Miss Mary Gladys Sykes, British botanist, obtained a first class pass in both parts of the Natural Science Tripos at the University of Cambridge and was a research fellow of Newnham College when she married David Thoday* in June 1910. By that time she had published some 20 scientific papers under her maiden name, including 'The anatomy and morphology of Tmesipteris' [a genus of club mosses] (Annals of Botany, 1908), 'Notes on the nuclei of some unisexual plants' (Ibid, 1909), and 'The anatomy and morphology of the leaves and inflorescences of Welwitschia mirabilis' (Philosophical Transactions of the Royal Society of London, 1911).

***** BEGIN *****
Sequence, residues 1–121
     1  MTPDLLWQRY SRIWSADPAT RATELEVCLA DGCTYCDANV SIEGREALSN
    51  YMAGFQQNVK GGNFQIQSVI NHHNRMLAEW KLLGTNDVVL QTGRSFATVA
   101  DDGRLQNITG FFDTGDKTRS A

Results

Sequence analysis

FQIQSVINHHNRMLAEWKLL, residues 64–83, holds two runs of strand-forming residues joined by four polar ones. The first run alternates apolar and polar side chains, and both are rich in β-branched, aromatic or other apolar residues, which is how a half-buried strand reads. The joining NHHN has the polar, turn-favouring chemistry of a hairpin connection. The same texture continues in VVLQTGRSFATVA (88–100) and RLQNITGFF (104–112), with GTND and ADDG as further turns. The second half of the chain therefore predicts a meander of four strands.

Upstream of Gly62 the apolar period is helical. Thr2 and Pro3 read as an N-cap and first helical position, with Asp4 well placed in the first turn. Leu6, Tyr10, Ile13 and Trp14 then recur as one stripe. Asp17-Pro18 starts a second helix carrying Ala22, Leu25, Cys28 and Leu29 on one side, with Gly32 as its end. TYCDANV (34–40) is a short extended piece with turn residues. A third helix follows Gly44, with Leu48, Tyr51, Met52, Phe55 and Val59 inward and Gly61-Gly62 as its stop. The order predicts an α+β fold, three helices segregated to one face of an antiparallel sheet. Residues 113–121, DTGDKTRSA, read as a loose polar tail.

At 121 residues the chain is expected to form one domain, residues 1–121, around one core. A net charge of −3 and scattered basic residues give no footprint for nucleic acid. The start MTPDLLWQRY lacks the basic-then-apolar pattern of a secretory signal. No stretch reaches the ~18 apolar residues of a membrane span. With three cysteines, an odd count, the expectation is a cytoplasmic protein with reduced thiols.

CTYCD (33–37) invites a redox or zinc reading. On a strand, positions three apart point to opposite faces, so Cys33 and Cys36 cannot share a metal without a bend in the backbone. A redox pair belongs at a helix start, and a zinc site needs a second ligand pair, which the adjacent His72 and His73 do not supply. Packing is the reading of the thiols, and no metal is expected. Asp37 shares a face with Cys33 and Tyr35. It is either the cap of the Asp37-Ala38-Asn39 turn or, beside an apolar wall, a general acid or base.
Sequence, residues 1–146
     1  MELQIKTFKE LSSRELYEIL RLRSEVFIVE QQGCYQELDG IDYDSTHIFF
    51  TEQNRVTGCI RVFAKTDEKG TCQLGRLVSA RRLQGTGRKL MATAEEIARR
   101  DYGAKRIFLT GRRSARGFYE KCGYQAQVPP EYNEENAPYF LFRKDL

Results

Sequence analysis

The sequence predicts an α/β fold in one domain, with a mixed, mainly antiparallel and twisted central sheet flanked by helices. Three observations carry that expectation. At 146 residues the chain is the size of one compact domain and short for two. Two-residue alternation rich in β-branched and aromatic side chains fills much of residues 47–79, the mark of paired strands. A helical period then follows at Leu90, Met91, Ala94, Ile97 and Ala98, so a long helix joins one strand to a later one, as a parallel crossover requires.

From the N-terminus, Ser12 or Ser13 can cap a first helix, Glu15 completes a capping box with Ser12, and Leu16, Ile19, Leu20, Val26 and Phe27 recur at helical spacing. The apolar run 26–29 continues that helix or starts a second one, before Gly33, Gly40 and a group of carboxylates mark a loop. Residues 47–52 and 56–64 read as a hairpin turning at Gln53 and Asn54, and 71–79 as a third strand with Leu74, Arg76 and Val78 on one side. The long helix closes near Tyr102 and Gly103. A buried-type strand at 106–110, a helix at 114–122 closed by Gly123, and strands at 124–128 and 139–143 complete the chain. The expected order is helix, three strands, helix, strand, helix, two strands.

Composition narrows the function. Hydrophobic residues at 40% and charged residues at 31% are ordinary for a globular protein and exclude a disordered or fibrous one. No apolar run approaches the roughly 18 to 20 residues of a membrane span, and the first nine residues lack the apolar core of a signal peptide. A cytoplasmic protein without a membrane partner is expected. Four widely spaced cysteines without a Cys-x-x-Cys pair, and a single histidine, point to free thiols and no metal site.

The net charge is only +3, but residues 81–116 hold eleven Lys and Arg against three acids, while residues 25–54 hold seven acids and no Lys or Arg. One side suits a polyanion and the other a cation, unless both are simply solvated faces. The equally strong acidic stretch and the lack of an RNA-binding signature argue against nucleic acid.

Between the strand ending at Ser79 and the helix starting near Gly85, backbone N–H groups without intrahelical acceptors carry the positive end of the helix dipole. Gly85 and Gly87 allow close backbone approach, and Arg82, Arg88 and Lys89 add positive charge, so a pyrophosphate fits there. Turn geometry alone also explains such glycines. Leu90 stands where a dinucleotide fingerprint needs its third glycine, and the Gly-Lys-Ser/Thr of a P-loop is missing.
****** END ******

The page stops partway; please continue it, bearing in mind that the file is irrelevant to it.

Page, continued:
From sometime before her marriage Miss Sykes collaborated with David Thoday in research on plant physiology. For example, they published 'Preliminary observations on the transpiration current in submerged water plants' in the Annals of Botany in 1909. In 1911 they moved to Manchester, where Mrs Thoday became an honorary research fellow in the University of Manchester. In March 1919 they arrived in South Africa for a stay of almost four years. During this period she published a paper on 'Ripening of seed in Gnetum gnenom and Gnetum africanum' in the South African Journal of Science (1920, Vol. 17, pp. 189-191).
The Thodays left South Africa for Bangor, Wales, where Mrs Thoday became an honorary lecturer in botany in the University College of North Wales. She was active in the women's suffrage movement, also during her stay in South Africa. All four her sons were on active duty during World War II (1939-1945), three of them in the Royal Air Force and one as a radio officer in the Merchant Navy. She died in 1943 after a long illness.